Virox Technologies, the creators of the patented technology Accelerated Hydrogen Peroxide, recently conducted an independent efficacy test on two of its disinfectants against the African swine fever virus. AHP is found in Virox Animal Health's Intervention farm disinfectant, known as Intervención in Mexico, and Prevail disinfectants in Canada.
The efficacy testing for both AHP disinfectants was undertaken by the European Reference Laboratory for African Swine Fever in Madrid, Spain. The tests were conducted in accordance with the EN 14675 test method, a protocol specific for testing the virucidal efficacy of chemical disinfectants for use in the veterinary field. According the company announcement, both disinfectants achieved complete inactivation of the ASF virus (>5.5 log of virus titer) at the respective recommended dilution rates of 1:64 and 1:40 with a 5 minute contact time. The test method employed included the presence of high-level soiling, hard water and was conducted at room temperature (20˚C, 68˚F), in order to assess both disinfectants' performance and suitability for use in real world “on-farm” conditions.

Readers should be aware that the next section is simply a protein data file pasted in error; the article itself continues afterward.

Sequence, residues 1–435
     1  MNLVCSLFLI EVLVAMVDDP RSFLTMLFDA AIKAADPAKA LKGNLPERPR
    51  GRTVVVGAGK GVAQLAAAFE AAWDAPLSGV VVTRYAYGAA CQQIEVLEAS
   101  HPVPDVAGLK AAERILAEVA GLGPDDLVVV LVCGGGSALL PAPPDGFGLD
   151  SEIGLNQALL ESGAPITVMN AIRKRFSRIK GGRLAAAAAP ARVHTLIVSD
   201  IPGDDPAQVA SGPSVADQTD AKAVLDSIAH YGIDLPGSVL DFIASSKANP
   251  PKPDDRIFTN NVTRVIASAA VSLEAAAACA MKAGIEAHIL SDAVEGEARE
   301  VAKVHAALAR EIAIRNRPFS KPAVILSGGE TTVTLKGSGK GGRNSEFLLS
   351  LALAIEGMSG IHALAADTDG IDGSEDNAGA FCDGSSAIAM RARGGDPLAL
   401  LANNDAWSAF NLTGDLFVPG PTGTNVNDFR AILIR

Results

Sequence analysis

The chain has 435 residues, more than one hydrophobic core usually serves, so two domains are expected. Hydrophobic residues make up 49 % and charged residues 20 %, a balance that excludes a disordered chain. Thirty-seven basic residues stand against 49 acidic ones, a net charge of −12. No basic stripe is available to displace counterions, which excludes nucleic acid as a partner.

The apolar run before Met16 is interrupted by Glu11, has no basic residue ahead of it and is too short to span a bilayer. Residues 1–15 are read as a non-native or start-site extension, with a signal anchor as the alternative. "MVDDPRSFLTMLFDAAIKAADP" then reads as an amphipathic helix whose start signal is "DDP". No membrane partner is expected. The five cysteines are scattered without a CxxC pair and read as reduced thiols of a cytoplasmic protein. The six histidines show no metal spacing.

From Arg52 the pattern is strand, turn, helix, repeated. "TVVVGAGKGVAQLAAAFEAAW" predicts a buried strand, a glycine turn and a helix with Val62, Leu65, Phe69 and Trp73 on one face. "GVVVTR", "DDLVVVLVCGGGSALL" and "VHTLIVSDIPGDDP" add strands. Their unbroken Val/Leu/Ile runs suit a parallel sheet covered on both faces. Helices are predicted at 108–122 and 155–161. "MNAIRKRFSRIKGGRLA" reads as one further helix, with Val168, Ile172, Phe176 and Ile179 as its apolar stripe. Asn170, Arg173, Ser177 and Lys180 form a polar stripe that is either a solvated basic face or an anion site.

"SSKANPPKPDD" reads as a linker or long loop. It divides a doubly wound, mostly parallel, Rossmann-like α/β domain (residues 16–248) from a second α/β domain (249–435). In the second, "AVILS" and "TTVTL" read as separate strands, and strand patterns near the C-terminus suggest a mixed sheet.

“Our AHP technology has been proven to be highly virucidal against both enveloped and non-enveloped viruses. We were confident both Intervention and Prevail would be effective against ASF, but having direct confirmation gives us and our customer’s reassurance,” says José A. Ramirez, executive vice president and lead science advisor at Virox Technologies. “Until now, the veterinary community has relied on generic chemicals utilized under unrealistic conditions of concentration and contact time for environmental decontamination from ASF. Even the small number of formulated products that have demonstrated efficacy against the virus through direct data are difficult to handle and suffer from less-than ideal occupational safety and environmental profiles. This study effectively enables a better solution, from the points of ease of use and application, toxicity to animals and workers, as well as lower impact on the environment and materials.”
The firm says effective disinfection needs to also include ancillary activities such as cleaning prior to disinfection, proper product reconstitution/dilution, proper application and reasonable validation of acceptable decontamination.